A single dose of zoster vaccine is recommended for adults aged ≥60 years who have not previously received zoster vaccine. A dose is particularly recommended for adults who are 70–79 years of age.

In people aged 60–69 years, the incidence of both herpes zoster and post-herpetic neuralgia is high, and the vaccine is efficacious.1 However, the exact duration of vaccine efficacy is not known. Protection after a single vaccine dose wanes over time.2,3 The need for revaccination is not yet determined.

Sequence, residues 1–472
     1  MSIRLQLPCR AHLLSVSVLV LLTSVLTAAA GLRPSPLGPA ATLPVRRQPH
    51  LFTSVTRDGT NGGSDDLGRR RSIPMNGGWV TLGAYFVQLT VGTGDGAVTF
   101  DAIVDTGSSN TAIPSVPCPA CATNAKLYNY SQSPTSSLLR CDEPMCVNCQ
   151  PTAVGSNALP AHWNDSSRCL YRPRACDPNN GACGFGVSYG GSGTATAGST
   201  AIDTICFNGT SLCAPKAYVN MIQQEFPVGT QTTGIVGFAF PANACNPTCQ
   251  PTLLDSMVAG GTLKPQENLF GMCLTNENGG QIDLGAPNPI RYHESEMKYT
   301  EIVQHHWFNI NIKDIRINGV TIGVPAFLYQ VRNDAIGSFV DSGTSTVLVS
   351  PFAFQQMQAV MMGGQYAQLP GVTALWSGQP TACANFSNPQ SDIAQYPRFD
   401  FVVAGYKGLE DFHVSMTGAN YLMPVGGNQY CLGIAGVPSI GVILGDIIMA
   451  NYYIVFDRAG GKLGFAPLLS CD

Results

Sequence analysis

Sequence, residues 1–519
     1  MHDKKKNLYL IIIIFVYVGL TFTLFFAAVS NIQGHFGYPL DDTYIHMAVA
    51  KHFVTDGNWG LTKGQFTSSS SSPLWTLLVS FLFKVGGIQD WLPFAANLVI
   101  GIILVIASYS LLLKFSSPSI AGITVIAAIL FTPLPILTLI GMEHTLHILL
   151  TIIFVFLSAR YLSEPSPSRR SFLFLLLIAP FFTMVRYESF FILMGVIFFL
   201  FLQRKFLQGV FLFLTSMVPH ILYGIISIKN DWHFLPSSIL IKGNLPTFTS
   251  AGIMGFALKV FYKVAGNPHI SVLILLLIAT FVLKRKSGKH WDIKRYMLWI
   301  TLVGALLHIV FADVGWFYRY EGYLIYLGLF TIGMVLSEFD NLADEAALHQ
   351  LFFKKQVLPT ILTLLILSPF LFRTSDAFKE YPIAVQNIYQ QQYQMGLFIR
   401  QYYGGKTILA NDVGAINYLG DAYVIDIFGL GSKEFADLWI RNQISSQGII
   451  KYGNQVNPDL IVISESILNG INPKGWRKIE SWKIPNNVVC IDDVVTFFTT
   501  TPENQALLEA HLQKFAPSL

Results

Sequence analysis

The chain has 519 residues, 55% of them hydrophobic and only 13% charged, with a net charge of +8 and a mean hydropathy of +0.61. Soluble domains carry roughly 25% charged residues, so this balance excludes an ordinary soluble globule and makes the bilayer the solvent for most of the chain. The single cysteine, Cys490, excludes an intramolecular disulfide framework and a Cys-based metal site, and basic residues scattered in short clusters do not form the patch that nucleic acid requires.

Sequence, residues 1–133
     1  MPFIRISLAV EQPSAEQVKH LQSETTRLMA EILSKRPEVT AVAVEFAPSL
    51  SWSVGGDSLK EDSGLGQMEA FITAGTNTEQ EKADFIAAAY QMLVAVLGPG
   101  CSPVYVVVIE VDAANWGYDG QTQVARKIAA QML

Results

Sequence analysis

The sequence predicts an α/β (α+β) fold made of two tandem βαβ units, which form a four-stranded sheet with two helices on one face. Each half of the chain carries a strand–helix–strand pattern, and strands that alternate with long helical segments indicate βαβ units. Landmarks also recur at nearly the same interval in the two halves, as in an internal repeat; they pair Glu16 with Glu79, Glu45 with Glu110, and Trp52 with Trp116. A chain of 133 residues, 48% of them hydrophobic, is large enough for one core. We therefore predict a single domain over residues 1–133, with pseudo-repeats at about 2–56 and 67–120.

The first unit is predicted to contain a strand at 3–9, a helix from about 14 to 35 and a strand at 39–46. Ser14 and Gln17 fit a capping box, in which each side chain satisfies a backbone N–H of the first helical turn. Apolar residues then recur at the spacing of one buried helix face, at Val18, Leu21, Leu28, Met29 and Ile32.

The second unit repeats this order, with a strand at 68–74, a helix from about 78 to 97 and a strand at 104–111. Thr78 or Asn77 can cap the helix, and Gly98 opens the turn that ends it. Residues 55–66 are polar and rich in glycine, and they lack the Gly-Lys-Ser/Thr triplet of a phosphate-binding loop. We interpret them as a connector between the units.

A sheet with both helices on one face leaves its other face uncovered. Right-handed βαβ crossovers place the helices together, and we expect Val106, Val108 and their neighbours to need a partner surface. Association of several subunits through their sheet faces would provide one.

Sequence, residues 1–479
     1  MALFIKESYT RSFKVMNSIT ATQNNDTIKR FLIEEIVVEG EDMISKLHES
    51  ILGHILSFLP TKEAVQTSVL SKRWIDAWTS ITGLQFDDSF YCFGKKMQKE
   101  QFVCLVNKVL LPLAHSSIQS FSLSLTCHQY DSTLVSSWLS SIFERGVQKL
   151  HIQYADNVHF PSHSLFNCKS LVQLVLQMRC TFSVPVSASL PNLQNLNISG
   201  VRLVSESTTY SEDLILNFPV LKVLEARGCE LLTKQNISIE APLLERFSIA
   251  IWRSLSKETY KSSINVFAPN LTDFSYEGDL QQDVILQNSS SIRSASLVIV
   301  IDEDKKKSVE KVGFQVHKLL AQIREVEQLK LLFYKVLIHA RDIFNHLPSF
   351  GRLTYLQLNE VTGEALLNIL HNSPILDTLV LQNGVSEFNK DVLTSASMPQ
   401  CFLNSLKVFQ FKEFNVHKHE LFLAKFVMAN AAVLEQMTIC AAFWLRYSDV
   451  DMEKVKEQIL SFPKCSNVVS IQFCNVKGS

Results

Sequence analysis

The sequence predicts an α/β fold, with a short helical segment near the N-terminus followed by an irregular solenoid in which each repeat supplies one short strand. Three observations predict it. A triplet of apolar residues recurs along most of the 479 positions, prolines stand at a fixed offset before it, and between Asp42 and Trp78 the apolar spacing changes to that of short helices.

People aged 70–79 years are expected to benefit the most from routine zoster vaccination. Although vaccine efficacy against herpes zoster is lower in this age group than in people aged 50–69 years, people ≥70 years of age have a higher risk of both herpes zoster and post-herpetic neuralgia.1,4,5

In people aged ≥80 years, vaccination is less efficacious. People of this age may still receive some clinical benefit from being vaccinated.6

See Vaccine information and Epidemiology.

Page history

Last updated: 
5 June 2018
Last reviewed: 
5 June 2018